Another emerging technology is the construction of “smart” or “connected” buildings. These buildings have sensors that transmit information directly to building engineers regarding conditions, including temperature, humidity, air pressure and – in some instances – pest management. Assuming the sensors are collecting accurate data and the data is remotely available, an inspector could also use the data from these sensors to assess damage to a building following a disaster and could complete the “inspection” remotely.

Technology solutions provide a systematic flow of data and certain amount of automation to mitigating fraud, but if there are barriers to implementation (e.g., cost or feasibility), then process solutions should be considered. Process solutions, although more manual, offer guidance related to the decision point between desktop validation and on-site inspection.

Individuals who exceed the speed limit while driving have implicitly accepted the risk of being pulled over by a police officer; they have determined that the value of arriving at their destination earlier is greater than the potential risk of a traffic violation. This is an example of risk appetite and how it may influence an individual’s or an organization’s decision-making process. By using data from past disaster relief efforts, FEMA can establish a risk appetite for determining when the efficiency of desktop validation exceeds the risk of potential fraud. Past disaster relief data would inform types of damage to public facilities and the amount of relief granted. FEMA could assess a differential amount or percentage between past damage and amounts compared with current requested grant amounts to determine if desktop validation may be used or if an on-site inspection is needed.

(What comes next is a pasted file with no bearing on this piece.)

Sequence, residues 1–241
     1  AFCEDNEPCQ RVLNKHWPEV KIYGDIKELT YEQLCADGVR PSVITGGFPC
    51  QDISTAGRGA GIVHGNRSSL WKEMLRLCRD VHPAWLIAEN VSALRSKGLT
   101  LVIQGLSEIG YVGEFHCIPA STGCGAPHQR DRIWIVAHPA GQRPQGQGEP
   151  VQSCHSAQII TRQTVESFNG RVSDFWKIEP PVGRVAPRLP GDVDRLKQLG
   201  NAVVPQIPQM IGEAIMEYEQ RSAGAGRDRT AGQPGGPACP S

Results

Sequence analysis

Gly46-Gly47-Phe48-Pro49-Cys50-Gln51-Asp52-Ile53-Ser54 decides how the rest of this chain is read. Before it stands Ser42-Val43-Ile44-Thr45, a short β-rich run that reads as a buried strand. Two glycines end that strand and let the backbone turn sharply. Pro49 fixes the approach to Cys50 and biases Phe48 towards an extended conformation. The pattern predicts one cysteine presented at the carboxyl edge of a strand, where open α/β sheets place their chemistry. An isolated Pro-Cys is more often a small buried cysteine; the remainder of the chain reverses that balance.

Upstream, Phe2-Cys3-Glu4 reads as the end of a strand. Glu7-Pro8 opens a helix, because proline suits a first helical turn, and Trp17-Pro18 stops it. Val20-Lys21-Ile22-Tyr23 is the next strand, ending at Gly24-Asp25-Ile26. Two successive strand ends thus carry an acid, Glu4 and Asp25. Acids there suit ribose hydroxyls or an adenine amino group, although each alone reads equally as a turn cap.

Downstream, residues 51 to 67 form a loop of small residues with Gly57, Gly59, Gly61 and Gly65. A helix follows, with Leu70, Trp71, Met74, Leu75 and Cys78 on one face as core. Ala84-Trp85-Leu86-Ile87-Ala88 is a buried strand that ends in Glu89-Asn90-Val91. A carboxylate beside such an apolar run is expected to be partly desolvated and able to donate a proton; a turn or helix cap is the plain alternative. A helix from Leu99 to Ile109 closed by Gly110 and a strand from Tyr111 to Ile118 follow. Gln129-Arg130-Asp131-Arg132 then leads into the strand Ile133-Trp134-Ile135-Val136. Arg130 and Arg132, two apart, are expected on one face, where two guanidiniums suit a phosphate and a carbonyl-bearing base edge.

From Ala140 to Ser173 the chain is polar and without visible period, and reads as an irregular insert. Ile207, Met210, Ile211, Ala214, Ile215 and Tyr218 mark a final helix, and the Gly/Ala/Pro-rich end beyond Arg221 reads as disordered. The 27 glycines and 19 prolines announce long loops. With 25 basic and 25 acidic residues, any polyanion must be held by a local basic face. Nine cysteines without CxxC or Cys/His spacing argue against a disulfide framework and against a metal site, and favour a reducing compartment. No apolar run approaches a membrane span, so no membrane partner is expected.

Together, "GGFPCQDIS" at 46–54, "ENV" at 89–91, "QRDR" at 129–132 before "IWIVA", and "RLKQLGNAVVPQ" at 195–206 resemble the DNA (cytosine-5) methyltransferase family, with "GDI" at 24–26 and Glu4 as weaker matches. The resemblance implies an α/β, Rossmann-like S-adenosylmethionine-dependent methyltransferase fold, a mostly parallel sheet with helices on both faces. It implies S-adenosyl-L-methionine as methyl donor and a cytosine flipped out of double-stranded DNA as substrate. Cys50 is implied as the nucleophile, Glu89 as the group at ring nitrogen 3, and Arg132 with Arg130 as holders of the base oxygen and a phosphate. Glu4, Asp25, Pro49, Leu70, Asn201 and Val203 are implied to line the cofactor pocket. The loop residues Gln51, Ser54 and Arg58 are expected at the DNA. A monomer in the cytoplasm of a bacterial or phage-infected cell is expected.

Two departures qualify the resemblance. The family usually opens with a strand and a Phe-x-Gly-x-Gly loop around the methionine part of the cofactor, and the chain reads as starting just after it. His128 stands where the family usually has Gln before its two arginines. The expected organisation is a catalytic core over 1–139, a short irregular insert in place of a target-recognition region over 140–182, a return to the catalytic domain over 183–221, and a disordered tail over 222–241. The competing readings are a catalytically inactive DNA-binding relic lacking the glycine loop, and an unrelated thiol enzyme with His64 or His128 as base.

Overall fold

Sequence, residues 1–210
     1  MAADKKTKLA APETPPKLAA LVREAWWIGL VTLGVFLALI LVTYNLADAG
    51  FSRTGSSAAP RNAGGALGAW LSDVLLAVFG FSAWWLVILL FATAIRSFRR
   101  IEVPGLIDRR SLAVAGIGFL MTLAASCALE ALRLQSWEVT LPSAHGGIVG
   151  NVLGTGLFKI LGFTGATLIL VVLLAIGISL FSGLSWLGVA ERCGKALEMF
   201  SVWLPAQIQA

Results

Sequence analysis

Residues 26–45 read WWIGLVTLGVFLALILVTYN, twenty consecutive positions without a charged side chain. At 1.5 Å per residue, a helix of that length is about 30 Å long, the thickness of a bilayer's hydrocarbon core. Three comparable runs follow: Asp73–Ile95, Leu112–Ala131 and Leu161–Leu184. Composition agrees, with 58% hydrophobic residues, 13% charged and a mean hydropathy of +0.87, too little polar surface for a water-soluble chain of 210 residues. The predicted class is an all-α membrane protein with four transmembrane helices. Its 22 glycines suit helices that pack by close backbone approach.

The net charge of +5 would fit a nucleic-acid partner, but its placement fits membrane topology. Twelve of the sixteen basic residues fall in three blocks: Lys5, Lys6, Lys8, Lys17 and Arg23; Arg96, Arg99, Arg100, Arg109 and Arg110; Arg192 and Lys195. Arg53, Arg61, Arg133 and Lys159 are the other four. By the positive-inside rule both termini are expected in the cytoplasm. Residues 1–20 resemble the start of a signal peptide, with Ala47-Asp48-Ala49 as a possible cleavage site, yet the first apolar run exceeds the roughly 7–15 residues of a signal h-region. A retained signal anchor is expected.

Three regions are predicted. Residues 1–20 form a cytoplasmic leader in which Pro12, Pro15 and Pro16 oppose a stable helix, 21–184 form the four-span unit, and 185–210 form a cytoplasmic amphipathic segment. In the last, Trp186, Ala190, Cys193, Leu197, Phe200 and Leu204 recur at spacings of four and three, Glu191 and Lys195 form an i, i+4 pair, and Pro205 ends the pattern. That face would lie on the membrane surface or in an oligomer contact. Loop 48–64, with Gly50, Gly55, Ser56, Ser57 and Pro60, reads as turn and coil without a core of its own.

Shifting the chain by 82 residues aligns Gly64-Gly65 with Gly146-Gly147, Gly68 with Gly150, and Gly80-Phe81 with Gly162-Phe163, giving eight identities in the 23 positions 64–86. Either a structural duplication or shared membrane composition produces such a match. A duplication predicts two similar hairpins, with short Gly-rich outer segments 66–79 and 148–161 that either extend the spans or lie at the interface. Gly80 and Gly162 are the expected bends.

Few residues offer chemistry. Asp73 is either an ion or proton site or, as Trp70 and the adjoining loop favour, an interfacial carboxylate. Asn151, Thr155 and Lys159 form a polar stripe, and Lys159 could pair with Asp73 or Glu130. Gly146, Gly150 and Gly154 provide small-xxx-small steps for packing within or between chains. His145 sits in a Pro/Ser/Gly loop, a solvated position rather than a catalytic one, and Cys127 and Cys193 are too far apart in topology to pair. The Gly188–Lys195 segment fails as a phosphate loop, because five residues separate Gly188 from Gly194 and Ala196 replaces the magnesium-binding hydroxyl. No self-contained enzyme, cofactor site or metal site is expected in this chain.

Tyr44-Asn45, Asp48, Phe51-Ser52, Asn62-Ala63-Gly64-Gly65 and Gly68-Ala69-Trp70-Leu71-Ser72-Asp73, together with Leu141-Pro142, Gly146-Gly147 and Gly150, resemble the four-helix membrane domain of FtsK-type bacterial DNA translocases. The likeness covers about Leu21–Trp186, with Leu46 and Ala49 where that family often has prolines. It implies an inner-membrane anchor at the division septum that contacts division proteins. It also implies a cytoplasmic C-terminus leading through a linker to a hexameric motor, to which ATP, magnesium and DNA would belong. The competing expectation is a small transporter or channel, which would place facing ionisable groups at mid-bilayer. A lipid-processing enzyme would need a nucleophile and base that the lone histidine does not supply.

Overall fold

Lastly, FEMA could consider risk-ranking jurisdictions requesting disaster relief. This would be a process comparable to a bank assessing an individual for a mortgage or other extension of credit. First, a history would need to be established by tracking instances of mitigated or realized fraud on a per-jurisdiction basis, approximately one to two years’ worth of data. Then, analysis can be completed to identify trends so that FEMA may code or flag jurisdictions with a higher likelihood of fraud.

The risk of fraud in disaster relief should not impede FEMA’s ability to continue realizing the benefits of desktop validation and as such providing rapid relief to communities in need. Rather, FEMA must strike a balance in alignment with its risk appetite and move forward in a post-COVID world with sharpened capabilities and a “trust but verify” approach.

Guidehouse is a global provider of consulting services to public and commercial markets with broad capabilities in management, technology, and risk consulting. It offers emergency and enterprise risk management solutions and thought leadership to help organizations and individuals prepare for, respond to, and recover from disasters.